• From an Official Plan perspective the area is contemplated for low-density residential housing. This designation would include anything from fully detached homes to four story apartment buildings.  Should the applicant look for any housing type beyond that it would require them to apply for an Official Plan Amendment, in addition to the above zoning process.
  • From my perspective, should the application proceed while I am on Council, my priorities for the area would be:
  1. Public ownership of the forest – bringing more of the forest into public hands, taking down the fencing and potentially creating new trail connections for all residents to enjoy!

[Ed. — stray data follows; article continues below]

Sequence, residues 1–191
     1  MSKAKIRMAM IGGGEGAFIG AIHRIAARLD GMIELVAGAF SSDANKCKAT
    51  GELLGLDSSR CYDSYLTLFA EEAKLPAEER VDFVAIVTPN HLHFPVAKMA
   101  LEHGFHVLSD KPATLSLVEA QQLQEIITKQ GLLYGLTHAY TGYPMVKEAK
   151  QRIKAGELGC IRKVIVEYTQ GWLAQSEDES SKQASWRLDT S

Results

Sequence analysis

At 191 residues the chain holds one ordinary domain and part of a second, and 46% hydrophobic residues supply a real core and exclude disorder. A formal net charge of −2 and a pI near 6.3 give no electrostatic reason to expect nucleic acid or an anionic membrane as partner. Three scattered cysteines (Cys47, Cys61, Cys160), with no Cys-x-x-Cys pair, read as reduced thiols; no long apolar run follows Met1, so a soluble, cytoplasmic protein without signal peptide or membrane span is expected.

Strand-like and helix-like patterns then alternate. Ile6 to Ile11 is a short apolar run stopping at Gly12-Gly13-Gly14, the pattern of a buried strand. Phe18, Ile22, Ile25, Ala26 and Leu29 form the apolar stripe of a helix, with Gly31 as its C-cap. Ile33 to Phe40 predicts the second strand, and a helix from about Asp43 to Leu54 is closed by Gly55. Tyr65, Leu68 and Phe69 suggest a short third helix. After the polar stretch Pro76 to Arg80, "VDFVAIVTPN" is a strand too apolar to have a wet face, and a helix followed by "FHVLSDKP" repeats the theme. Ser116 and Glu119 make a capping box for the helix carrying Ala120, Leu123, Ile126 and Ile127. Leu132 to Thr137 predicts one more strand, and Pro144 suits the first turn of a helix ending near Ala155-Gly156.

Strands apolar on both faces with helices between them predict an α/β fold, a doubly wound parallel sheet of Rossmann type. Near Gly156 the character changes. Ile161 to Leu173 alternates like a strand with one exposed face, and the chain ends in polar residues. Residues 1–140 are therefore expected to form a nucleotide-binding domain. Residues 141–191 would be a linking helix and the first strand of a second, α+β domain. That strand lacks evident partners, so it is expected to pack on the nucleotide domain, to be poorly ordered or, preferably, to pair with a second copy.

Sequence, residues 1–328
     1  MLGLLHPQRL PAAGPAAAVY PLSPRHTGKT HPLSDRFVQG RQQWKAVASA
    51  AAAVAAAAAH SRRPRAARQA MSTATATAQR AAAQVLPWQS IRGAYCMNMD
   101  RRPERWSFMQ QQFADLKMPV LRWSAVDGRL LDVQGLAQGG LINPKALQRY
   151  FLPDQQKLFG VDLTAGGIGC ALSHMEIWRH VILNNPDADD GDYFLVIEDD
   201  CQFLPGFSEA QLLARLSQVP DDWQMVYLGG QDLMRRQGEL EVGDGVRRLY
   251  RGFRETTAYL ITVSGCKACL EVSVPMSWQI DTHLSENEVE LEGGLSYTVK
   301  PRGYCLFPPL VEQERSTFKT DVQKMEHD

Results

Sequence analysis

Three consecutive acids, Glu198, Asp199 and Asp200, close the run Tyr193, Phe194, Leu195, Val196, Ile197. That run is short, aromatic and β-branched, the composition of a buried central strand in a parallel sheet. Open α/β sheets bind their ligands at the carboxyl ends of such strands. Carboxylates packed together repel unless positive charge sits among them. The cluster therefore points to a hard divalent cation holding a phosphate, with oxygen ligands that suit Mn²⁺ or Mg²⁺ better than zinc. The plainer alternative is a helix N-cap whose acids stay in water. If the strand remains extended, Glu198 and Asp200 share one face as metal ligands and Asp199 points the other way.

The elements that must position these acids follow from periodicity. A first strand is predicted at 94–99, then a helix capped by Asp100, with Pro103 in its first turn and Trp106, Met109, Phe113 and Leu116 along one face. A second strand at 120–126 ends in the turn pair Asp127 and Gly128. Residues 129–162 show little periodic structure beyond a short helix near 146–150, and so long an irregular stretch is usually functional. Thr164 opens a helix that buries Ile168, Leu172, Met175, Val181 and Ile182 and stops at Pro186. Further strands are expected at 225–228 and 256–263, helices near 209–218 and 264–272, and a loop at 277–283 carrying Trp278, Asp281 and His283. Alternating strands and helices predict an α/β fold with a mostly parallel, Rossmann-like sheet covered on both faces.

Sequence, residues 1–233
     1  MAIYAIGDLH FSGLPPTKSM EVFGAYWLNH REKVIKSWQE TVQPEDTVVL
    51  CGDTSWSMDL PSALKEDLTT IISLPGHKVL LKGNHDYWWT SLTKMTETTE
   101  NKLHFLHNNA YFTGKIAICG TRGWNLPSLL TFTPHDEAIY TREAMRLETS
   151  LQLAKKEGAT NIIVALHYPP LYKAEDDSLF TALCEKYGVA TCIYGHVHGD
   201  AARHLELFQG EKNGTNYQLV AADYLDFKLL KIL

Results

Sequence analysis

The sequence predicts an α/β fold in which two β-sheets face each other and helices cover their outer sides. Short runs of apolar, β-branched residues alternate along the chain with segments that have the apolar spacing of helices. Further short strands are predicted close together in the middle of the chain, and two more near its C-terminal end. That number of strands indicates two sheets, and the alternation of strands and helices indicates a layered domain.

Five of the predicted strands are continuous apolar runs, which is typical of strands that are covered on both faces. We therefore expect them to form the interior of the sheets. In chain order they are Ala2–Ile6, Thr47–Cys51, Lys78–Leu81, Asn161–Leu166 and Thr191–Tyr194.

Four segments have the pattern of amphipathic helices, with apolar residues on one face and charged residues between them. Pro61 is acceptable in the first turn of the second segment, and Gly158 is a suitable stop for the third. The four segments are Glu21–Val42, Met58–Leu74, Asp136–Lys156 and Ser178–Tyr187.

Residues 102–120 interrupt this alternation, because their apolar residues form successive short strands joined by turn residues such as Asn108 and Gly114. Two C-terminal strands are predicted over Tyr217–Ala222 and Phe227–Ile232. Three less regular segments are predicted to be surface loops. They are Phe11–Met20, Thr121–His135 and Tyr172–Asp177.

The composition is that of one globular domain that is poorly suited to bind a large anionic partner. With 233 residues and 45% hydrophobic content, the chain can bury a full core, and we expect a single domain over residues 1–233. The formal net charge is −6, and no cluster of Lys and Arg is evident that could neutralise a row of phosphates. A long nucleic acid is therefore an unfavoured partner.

2. Neighbourhood cohesion – thoughtful connectivity of the Columbia Forest and Laurel Creek neighbourhoods, creating an active transportation (walking/cycling) connection from the Columbia Forest, Clair Hills and Vista Hills neighbourhoods right through to the high school, ensuring that the road network is not creating a high speed throughway.
  3. A community hub – I would love to see Blue Beech Park expanded through this process in order to create a larger ‘hub’ park for the Columbia Forest/Laurel Creek neighbourhoods.

I recognize that there are downsides that come with development of the area and a changing neighbourhood fabric.  That said, I think there are some fabulous benefits for the entire community, beyond just welcoming new friends and neighbours to the area.  Although the timeline for any proposal is unclear, I wanted to highlight how the process works and offer to connect with anyone who would like to discuss this or anything else in further detail.

Take care, stay safe and get vaccinated!